Are you making the most of your Forecasting Data?
Distribution agreements usually contain a forecasting clause. Most commonly this requires the distributor to provide the supplier with a monthly rolling 12 month forecast of which the upcoming quarter is treated as a firm order
This allows production to plan ahead and ensures that the distributor gets the quantities that it needs. Sometimes there are added niceties such as the producer only being obliged to supply quantities in excess of the forecast if they are within say 10% of an overall production quota or maybe a maximum monthly allowance but generally the clauses follow this pattern and are designed primarily for the benefit of the manufacturing department.
The forecasts however can also be valuable to the sales and finance departments. Looking at the forecasts especially where they bear the “teeth” of a deemed order for the most recent period can provide an early warning of whether a distributor is likely to meet agreed sales targets. By comparing the actual sales with the forecasts you can also get an idea of the distributor’s stock management while variations over time in the forecasts compared with the final orders gives you an idea of the reliability of their forecasting and so more generally how that business is being run. An early warning that sales targets may not be met provides an opportunity for the supplier to step in and explore with the distributor if there are any problems and what might be done to address them while there is still time to perhaps turn things around.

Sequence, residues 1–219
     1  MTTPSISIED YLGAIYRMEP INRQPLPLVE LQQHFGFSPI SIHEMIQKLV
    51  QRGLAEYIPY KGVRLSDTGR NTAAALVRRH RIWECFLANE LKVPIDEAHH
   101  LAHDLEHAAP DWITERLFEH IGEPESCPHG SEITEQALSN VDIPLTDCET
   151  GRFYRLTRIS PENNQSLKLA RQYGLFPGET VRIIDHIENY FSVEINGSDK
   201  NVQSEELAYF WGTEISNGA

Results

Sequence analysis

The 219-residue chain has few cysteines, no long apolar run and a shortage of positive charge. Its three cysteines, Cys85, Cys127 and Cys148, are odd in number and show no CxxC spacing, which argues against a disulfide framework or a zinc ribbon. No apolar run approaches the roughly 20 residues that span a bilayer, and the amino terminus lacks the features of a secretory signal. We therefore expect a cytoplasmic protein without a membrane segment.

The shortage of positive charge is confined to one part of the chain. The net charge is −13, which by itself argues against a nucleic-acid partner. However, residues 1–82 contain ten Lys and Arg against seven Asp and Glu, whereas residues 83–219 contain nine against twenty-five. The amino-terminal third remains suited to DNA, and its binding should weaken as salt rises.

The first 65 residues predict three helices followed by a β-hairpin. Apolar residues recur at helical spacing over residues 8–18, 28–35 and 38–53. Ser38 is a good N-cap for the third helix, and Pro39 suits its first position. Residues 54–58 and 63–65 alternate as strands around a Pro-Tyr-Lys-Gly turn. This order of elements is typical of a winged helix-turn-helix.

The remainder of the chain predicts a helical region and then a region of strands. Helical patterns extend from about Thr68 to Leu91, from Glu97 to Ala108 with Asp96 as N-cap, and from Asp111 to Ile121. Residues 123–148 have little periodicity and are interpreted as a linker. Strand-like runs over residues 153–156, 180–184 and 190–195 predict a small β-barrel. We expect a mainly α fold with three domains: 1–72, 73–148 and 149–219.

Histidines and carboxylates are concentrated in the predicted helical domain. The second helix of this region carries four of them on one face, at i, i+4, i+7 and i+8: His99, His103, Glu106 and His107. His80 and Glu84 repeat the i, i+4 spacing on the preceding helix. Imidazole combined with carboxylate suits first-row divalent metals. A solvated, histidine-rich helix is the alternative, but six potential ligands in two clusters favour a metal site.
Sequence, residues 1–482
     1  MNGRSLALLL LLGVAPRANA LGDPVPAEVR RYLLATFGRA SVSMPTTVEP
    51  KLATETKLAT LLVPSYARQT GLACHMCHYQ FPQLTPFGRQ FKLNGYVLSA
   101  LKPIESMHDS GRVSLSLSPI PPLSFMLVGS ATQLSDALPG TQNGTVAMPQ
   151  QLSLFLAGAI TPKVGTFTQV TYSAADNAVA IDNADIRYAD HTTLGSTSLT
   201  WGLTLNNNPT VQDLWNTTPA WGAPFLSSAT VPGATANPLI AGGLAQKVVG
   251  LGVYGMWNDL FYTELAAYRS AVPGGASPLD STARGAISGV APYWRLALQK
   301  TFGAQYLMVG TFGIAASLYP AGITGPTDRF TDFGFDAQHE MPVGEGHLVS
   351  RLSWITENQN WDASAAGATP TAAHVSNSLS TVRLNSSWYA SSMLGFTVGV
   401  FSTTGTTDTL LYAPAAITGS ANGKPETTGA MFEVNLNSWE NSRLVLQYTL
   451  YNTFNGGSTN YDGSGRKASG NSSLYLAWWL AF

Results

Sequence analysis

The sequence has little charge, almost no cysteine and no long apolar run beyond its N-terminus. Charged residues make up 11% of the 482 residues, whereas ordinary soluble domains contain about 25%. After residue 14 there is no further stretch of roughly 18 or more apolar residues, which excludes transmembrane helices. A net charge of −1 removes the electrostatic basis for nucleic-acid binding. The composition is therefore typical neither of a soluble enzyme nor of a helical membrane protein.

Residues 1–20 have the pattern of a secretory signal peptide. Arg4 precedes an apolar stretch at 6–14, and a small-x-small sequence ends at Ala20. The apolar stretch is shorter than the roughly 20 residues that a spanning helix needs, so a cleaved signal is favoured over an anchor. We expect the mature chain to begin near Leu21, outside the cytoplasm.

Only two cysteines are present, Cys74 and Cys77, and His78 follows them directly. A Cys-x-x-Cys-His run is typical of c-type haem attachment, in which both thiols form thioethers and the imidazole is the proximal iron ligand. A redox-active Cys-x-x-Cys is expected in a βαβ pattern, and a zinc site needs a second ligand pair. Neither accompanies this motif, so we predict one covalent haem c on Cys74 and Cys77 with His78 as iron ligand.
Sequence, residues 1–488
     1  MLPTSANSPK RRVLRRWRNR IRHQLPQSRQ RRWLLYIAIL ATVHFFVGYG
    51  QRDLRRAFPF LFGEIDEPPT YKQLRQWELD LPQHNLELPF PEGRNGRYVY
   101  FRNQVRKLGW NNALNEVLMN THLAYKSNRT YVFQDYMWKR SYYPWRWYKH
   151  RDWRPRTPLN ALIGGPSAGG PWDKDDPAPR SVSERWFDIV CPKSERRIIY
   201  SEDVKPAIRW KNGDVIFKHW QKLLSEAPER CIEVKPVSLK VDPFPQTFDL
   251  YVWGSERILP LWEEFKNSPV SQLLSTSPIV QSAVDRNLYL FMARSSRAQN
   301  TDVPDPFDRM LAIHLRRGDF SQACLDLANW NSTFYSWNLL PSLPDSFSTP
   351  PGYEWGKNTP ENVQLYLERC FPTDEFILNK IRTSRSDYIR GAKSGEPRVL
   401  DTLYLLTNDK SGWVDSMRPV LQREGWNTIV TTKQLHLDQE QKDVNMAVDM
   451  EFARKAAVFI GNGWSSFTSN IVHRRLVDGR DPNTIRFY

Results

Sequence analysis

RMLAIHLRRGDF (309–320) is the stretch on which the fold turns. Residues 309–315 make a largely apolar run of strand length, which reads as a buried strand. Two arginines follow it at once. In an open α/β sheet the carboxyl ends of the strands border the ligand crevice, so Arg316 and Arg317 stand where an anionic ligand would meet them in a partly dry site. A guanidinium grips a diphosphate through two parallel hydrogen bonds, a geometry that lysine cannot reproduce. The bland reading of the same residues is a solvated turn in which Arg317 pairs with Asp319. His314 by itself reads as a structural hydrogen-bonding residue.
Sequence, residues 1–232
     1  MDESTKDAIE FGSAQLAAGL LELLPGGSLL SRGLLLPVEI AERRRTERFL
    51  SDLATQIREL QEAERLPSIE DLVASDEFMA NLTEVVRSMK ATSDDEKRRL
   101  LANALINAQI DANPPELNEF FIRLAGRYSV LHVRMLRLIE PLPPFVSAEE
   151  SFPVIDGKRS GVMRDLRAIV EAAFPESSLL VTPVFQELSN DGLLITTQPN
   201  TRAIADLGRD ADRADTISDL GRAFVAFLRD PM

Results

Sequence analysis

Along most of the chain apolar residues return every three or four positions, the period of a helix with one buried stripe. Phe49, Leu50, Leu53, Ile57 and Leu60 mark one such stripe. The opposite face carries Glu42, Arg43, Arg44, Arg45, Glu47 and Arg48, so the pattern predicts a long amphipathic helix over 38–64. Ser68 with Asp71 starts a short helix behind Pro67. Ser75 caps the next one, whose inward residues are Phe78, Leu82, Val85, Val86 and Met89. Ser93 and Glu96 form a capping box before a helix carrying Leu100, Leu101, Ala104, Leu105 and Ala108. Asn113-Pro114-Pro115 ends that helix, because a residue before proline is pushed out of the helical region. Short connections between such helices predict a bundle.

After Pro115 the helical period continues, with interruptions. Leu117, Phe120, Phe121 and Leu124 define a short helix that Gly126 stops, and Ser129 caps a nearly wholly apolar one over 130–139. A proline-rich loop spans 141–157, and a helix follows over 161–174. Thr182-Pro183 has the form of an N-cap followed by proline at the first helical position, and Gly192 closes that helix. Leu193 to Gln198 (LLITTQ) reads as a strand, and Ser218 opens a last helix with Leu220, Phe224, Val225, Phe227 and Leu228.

With smaller distributors it can be tempting to leave out the forecasting clause on the basis that you will always be able to supply what they need but if you see the forecasts in a broader context as a management tool then their value even in these instances becomes clear and of course having accurate data coming in makes it easier for you to develop your own forecasts.